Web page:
CDC: West Nile Virus cases up in 2012
Following a mild winter, we have had one of the hottest summers on record. This has led to an abundance of animal births and a huge increase in the insect population. Because of the severe drought, animals and birds congregate near water where insects proliferate. Consequently, there have been numerous mosquito, tick and flea bites, as well as contact with flies, all of which can transmit infections from animals to man.
This year has seen the largest epidemic of West Nile Virus infections in history. The virus is spread from birds to man by mosquitoes. The Centers for Disease Control and Prevention (CDC) reported that, by late August, 1,590 cases of West Nile Virus had been reported, leading to 65 deaths. Although cases have been reported in 49 states (all but Nevada), five states (Texas, Mississippi, South Dakota, Louisiana and Mississippi) account for 68 percent of the total cases.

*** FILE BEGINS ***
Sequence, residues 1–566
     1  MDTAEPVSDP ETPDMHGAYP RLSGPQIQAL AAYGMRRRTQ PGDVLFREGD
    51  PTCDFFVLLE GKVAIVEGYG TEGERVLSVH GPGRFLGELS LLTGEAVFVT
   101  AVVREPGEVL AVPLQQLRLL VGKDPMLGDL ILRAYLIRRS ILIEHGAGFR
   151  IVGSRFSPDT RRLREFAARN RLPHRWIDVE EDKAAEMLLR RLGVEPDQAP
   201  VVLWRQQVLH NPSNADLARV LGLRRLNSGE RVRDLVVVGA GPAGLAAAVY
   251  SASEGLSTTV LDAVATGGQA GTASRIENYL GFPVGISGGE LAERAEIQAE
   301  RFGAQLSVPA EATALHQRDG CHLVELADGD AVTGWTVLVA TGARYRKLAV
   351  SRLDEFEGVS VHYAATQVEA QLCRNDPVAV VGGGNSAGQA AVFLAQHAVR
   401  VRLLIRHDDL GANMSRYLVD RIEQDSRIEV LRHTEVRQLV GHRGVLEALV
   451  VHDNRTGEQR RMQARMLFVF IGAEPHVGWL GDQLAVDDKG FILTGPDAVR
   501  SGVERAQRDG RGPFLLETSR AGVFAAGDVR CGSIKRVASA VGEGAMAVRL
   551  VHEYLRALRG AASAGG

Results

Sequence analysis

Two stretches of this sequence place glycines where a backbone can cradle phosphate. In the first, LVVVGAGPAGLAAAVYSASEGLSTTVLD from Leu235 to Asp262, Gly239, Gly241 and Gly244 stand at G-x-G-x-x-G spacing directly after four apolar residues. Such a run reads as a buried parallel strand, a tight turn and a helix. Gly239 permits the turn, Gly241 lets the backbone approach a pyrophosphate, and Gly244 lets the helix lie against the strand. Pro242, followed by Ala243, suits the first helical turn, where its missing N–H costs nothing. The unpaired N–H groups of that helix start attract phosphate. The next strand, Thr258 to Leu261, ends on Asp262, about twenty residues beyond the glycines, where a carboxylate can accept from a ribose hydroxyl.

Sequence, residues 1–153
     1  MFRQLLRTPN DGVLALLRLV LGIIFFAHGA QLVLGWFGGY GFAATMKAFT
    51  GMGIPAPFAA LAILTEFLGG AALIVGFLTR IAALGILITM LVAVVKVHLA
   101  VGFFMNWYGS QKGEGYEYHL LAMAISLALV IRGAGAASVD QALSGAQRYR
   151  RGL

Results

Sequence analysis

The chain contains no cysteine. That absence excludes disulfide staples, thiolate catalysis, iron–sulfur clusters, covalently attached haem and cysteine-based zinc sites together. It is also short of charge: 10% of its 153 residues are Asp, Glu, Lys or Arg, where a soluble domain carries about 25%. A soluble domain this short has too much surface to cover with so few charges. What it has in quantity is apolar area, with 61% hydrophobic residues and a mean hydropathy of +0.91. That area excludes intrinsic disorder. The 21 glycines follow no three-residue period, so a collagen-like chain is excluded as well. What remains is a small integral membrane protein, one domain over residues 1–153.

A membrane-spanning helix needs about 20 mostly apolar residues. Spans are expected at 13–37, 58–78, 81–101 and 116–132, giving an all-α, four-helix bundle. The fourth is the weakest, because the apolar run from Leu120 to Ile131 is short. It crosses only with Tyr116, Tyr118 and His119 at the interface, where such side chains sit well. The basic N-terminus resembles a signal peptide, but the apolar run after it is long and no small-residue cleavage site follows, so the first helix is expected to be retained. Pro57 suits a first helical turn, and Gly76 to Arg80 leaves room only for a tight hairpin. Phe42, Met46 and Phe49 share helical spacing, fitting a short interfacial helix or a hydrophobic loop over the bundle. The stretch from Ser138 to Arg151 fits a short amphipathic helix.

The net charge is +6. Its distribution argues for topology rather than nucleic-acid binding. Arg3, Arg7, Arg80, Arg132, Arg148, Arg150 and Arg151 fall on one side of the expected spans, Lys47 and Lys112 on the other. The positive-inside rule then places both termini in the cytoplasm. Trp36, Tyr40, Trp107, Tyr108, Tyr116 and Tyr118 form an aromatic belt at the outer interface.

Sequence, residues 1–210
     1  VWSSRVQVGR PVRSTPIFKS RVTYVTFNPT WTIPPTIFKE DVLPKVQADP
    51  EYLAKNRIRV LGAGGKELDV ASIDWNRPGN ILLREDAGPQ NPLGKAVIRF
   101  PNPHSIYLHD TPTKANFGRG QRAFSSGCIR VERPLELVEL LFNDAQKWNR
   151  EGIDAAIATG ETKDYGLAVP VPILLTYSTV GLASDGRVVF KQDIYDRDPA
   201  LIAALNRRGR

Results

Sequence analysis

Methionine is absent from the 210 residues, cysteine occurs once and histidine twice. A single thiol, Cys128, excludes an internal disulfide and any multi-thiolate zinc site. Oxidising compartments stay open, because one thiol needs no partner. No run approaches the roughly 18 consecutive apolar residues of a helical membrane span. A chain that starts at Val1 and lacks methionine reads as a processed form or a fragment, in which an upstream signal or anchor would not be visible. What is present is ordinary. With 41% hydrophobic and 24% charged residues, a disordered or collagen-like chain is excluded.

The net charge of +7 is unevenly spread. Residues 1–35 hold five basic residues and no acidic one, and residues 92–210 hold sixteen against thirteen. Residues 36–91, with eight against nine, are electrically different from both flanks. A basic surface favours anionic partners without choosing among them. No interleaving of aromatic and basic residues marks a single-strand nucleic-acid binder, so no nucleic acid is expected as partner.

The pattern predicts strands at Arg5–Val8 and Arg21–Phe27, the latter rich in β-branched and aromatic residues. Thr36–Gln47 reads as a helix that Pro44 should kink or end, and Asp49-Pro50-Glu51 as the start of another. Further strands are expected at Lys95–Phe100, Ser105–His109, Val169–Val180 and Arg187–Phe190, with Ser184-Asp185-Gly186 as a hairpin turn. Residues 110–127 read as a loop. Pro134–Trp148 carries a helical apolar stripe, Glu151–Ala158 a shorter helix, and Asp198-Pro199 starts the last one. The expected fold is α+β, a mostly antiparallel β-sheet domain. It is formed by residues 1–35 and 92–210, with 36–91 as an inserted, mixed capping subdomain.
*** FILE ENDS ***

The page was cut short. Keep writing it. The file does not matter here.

The next few weeks look particularly bleak because the highest incidence of infection occurs in late August and September. The actual number of infections is much greater than that reported, as only 20 percent of patients infected with the West Nile Virus develop symptoms. These symptoms occur three to 15 days after being bitten, and include fever, headache, generalized muscle aches, enlarged lymph nodes and occasionally a rash on the trunk of the body.
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